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Aerial bombardments, restrictions on humanitarian access, and the targeting of civilians continue to take place in the Sudanese border state of South Kordofan, amid continued fighting between the Sudanese army and elements of the SPLA. Churches, aid workers, and NGOs have described the Sudanese government’s actions as ethnic cleansing. Now, the latest satellite images analyzed by Satellite Sentinel Project and confidential U.N. reports reported in the news indicate that a major ground offensive by the Sudan Armed Forces may be in the works, suggesting that the violence may be far from over.
Military vehicles and hardware “capable of imminent forward movement” have visibly amassed in the state capital of Kadugli, according to the latest satellite images. Internal U.N. reports seen by McClatchy stated that the situation in South Kordofan “is likely to deteriorate further” because preparations for a major SAF offensive were “becoming clearer.”
Satellite images also confirmed that the Sudanese army is in control of Kadugli town and that thousands of civilians have been displaced from the fighting.
A "humanitarian crisis of enormous proportions is unfolding" said U.S. Ambassador Susan Rice in her statement before the U.N. Security Council today, decrying the lack of humanitarian access granted to U.N. personnel and international NGOs by the Sudanese army. The ambassador also stated that reports of summary executions and detainment of civilians based on their political sympathies, and the placement of mines around Kadugli, among other reported acts, could constitute war crimes or crimes against humanity that should be fully investigated by the U.N.
In the latest readout from OCHA, the U.N. agency described the security situation around the capital as “unpredictable” and reported that the Kadugli airport remain closed, despite a plea to the Sudanese government and other authorities by the U.N. refugee agency last week to allow air and road access for humanitarian agencies. “Heavy fighting” was reported in towns outside of Kadugli. The number of people displaced by violence is likely higher than the 60,000 count previously reported, OCHA also noted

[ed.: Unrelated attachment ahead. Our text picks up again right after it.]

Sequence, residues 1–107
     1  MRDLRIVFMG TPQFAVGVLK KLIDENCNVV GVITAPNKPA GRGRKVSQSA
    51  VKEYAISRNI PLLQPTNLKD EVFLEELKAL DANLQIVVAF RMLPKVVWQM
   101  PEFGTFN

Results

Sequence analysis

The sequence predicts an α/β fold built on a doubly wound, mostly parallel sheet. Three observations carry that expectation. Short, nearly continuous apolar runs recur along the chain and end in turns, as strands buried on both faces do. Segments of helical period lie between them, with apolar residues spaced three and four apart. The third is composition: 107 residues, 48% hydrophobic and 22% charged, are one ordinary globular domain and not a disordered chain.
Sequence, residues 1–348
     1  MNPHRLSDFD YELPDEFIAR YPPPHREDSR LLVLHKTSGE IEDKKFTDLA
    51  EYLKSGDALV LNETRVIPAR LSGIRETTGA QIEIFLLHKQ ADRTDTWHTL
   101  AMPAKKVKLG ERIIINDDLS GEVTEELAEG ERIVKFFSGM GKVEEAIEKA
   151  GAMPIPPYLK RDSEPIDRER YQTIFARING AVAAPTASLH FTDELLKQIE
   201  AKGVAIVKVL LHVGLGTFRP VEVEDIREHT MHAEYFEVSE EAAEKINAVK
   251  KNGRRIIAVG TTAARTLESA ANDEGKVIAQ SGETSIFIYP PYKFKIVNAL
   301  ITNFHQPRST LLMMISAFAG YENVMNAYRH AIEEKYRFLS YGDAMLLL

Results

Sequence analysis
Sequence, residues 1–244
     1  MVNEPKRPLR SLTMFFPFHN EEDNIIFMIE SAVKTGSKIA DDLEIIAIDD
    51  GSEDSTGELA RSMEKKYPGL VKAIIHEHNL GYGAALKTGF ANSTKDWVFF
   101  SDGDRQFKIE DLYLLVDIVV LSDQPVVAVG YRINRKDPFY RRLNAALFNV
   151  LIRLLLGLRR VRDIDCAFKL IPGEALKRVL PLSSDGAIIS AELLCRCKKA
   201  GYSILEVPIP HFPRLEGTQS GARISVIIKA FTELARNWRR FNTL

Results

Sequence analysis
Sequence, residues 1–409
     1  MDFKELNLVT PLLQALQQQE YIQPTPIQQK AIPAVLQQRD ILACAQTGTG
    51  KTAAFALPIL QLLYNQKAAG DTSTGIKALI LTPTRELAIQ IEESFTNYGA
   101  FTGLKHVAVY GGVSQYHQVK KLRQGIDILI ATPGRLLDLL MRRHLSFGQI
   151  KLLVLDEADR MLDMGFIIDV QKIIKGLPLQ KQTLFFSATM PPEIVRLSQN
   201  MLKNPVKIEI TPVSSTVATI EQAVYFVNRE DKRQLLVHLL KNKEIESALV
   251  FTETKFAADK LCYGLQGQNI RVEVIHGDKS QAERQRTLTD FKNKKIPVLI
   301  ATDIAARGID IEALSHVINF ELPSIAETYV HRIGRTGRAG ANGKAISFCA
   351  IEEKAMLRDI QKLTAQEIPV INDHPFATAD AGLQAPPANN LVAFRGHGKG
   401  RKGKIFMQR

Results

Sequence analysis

The ability of the SAF to bring in reinforcements is not the only reason why the situation in South Kordofan may well become a protracted conflict. In a piece in The Guardian, Sudan expert Julie Flint warned that fighting in South Kordofan may exceed the intensity of Sudan’s other conflicts, because of the organization and determination of the Nuba, the ethnic group that fills the ranks of the SPLA in South Kordofan:
The war in the Nuba mountains is already being seen through the lens of earlier wars: the north-south war; the Darfur war; the jihad. It is different. The sheer number of armed men under organised command on both sides has never before been matched in Sudan— including more than 60,000 on the government side. In focusing so heavily on the north-south conflict, the international community has underestimated the determination of the Nuba: their fighters are more numerous and much better led than the Darfur rebels, with formidable organisational skills, command capabilities and discipline.
So far, diplomatic efforts by the Thabo Mbeki-led African Union High-Implementation Panel have not produced an agreement to end hostilities. In a briefing before the U.N. Security Council this morning, the former president reported that negotiations involving the SPLM leadership from South Kordofan and Blue Nile and representatives from the national government will begin tomorrow in Addis Ababa.
Photo: Displaced Kadugli residents (UN Photo)